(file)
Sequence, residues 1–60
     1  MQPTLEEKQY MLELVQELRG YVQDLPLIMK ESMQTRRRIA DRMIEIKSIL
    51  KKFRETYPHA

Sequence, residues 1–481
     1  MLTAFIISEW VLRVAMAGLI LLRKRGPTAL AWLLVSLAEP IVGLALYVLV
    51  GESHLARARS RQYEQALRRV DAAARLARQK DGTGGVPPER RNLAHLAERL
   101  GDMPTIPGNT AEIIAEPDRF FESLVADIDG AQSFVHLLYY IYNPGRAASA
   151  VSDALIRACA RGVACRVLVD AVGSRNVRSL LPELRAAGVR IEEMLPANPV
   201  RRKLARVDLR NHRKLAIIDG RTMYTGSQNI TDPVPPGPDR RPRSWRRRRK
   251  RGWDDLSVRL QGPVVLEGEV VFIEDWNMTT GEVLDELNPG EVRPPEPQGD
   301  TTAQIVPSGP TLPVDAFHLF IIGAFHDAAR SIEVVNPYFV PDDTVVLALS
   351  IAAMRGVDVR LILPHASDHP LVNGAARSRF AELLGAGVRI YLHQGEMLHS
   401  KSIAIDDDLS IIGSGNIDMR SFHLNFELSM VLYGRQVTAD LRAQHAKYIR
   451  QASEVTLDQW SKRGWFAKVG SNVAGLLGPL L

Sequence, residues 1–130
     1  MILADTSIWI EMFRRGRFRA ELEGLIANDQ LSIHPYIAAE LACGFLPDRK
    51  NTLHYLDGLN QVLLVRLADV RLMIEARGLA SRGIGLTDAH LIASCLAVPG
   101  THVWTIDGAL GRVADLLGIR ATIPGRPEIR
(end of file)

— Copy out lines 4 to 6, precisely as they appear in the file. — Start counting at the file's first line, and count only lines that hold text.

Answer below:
Sequence, residues 1–481
     1  MLTAFIISEW VLRVAMAGLI LLRKRGPTAL AWLLVSLAEP IVGLALYVLV
    51  GESHLARARS RQYEQALRRV DAAARLARQK DGTGGVPPER RNLAHLAERL